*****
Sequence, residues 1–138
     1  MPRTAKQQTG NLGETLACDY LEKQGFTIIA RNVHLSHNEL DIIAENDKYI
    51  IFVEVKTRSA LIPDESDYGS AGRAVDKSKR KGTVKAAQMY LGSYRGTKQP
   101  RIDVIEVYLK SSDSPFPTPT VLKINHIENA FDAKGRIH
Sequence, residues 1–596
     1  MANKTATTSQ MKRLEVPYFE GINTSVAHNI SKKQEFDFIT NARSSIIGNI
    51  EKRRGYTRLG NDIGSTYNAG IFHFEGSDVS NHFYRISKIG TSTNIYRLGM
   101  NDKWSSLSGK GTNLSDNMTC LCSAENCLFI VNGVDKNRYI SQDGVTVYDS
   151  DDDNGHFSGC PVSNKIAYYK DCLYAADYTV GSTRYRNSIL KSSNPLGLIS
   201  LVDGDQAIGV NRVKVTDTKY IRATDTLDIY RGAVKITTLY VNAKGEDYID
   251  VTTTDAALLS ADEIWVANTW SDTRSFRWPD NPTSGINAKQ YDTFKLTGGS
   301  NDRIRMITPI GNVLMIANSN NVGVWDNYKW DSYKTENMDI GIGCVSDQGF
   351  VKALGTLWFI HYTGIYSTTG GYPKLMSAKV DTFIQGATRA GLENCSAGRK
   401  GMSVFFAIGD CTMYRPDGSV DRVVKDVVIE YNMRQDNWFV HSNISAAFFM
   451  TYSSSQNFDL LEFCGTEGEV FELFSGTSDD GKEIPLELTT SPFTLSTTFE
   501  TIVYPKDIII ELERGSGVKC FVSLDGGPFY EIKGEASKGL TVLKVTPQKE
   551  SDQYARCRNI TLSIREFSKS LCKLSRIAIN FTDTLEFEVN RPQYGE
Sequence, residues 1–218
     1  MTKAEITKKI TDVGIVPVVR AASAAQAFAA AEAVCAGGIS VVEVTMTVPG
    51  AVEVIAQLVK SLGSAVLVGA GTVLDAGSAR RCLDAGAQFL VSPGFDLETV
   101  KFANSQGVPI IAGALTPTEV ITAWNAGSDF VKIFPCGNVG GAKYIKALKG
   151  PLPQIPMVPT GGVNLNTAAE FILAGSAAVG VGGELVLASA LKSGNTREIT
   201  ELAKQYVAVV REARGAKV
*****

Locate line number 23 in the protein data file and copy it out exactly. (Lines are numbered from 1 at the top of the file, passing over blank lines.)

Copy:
   201  ELAKQYVAVV REARGAKV